UBC Reports | Vol. 48 | No. 8 | June
Dental Students Invent Cyber Tooth Training
Pulling teeth out of the textbook gives students new perspective.
By Hilary Thomson
An interactive 3-D teaching tool built by Faculty of Dentistry
undergraduate students is about to revolutionize how students learn
the anatomy of teeth by taking dental education out of the classroom
and into cyberspace.
Until now, students have relied on lectures, slides and textbook
drawings to learn about tooth structure.
But all that is changing with the Virtual Tooth Reality project,
believed to be the only program of its kind in North America, which
allows students to learn about shapes and structures of teeth using
3-D images of real teeth that can be rotated on-screen to be viewed
from a variety of angles. Hot links on specific areas lead students
to text references.
UBC dental students first used the interactive resource in September
2001. Response was overwhelmingly positive and the faculty plans
to market the program to other universities.
"The beauty of this resource is that students can learn about
complex tooth anatomy at their own pace and initiative both at school
and at home," says Babak Chehroudi, a clinical assistant professor
of Oral, Biological and Medical Sciences. "Instructors can
take students to a computer bay in the clinic to view images and
prepare for a procedure. It's a student-centered tool that complements
our problem-based learning format."
Students Jordan Catherall and Peter Luu started working on the
project last summer after their first year in Dentistry and are
making further improvements this summer.
The first challenge was finding 28 perfect adult human teeth. Wisdom
teeth are variable in structure so were not included in the project.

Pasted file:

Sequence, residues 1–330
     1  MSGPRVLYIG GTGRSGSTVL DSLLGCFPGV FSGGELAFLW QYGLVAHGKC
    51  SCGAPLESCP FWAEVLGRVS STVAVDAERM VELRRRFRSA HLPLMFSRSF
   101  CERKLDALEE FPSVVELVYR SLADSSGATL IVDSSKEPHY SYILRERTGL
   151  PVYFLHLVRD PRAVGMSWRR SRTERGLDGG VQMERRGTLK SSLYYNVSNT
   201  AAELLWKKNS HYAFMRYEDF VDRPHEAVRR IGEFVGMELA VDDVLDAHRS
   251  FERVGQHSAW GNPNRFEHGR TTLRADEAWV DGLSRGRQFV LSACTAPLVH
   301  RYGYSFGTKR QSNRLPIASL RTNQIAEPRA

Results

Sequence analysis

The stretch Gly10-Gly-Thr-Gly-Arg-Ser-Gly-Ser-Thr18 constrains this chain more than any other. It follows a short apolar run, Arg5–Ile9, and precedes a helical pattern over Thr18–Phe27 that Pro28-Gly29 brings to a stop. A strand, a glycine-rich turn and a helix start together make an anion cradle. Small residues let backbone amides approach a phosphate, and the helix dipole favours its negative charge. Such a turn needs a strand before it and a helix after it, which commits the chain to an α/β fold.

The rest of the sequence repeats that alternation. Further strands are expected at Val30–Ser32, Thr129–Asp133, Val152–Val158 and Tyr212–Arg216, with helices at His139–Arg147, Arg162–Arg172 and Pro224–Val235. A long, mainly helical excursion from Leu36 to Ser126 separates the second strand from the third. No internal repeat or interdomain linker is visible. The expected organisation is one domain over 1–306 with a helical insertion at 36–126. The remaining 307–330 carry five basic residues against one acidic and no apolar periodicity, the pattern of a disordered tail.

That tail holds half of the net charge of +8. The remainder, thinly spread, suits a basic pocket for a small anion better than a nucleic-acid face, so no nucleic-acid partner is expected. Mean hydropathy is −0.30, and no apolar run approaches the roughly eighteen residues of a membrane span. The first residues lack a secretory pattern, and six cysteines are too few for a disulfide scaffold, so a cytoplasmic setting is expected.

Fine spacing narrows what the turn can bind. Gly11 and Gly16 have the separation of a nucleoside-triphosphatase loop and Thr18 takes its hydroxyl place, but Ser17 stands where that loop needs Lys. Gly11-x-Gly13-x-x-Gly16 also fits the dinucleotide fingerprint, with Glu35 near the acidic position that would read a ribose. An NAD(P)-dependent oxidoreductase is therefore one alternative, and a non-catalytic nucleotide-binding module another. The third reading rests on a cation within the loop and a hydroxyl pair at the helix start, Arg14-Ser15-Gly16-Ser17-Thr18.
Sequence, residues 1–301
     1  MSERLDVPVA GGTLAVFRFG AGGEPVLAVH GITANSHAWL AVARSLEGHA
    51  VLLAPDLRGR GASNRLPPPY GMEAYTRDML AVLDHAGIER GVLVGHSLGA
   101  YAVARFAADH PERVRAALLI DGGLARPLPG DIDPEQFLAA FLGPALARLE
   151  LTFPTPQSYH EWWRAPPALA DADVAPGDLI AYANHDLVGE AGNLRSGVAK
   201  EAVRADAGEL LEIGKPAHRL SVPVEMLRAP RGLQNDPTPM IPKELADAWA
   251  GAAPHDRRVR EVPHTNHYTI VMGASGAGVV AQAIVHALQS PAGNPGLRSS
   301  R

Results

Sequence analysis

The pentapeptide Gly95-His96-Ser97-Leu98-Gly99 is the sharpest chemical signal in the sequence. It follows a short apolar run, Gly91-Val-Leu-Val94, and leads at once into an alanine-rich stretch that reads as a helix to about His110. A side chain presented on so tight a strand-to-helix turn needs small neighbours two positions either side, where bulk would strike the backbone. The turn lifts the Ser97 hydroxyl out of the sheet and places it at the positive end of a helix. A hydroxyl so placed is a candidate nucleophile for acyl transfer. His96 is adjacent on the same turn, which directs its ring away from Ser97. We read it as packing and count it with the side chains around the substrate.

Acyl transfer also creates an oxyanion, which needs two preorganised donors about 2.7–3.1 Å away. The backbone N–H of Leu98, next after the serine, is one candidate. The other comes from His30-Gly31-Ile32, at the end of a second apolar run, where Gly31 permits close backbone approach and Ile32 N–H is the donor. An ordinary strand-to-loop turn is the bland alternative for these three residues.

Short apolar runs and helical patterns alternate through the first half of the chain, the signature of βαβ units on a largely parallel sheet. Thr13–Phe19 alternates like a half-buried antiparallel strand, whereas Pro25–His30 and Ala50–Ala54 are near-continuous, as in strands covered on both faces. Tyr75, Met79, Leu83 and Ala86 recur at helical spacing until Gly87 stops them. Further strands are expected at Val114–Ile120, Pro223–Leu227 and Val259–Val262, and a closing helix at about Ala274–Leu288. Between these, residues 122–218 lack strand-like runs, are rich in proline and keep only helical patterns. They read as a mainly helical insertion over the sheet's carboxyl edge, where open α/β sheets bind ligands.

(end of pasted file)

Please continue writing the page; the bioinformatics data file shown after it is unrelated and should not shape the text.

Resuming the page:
Artificial teeth are often used for teaching, however, they differ
in shape and colouring from natural teeth. A scavenger hunt for
teeth took them to dentists' offices and teaching and research labs.
Using a motorized rig, a turntable stand to hold the tooth and
a digital camera, the students took 360 pictures - one picture for
every 10 degrees of rotation - of each tooth. They highlighted key
areas using partial cross-sections and dyes.
"Getting set up and managing the details of the project were
tough," says Catherall. "But it was a great chance for
me to learn more about anatomy and to help others learn, too."
Computer Science student Colin Ng wrote software that allowed the
rig and computer systems to talk to each other.
"It's been amazing to see the excitement and interest in this
project from other dental schools," says Luu.
He and Catherall earned second place in a research poster competition
at a recent meeting of the American Dental Education Association
(ADEA). Abstracts on the project have also been published in the
Journal of Dental Education.
"We were overwhelmed by the interest at the ADEA meeting -
this program has so much potential for both dental and medical schools,
" says Chehroudi.
This summer the students will develop the site to include endodontic
images that show crowns, roots, internal pulp and surrounding tissues
as well as descriptions of restorative procedures.
They say they have been 'negotiating with the Tooth Fairy' to
secure children's teeth to add images of primary teeth to the program.
They will also add more text hyperlinks and plan to create a streaming
video and animated movies that will show whole procedures on-line.
Support for this project came from UBC's Teaching and Learning
Enhancement Fund and from faculty members Prof. Don Brunette, Asst.
Prof. Jeff Coil, Assoc. Prof. Lance Rucker with photography support
provided by Bruce McCaughey.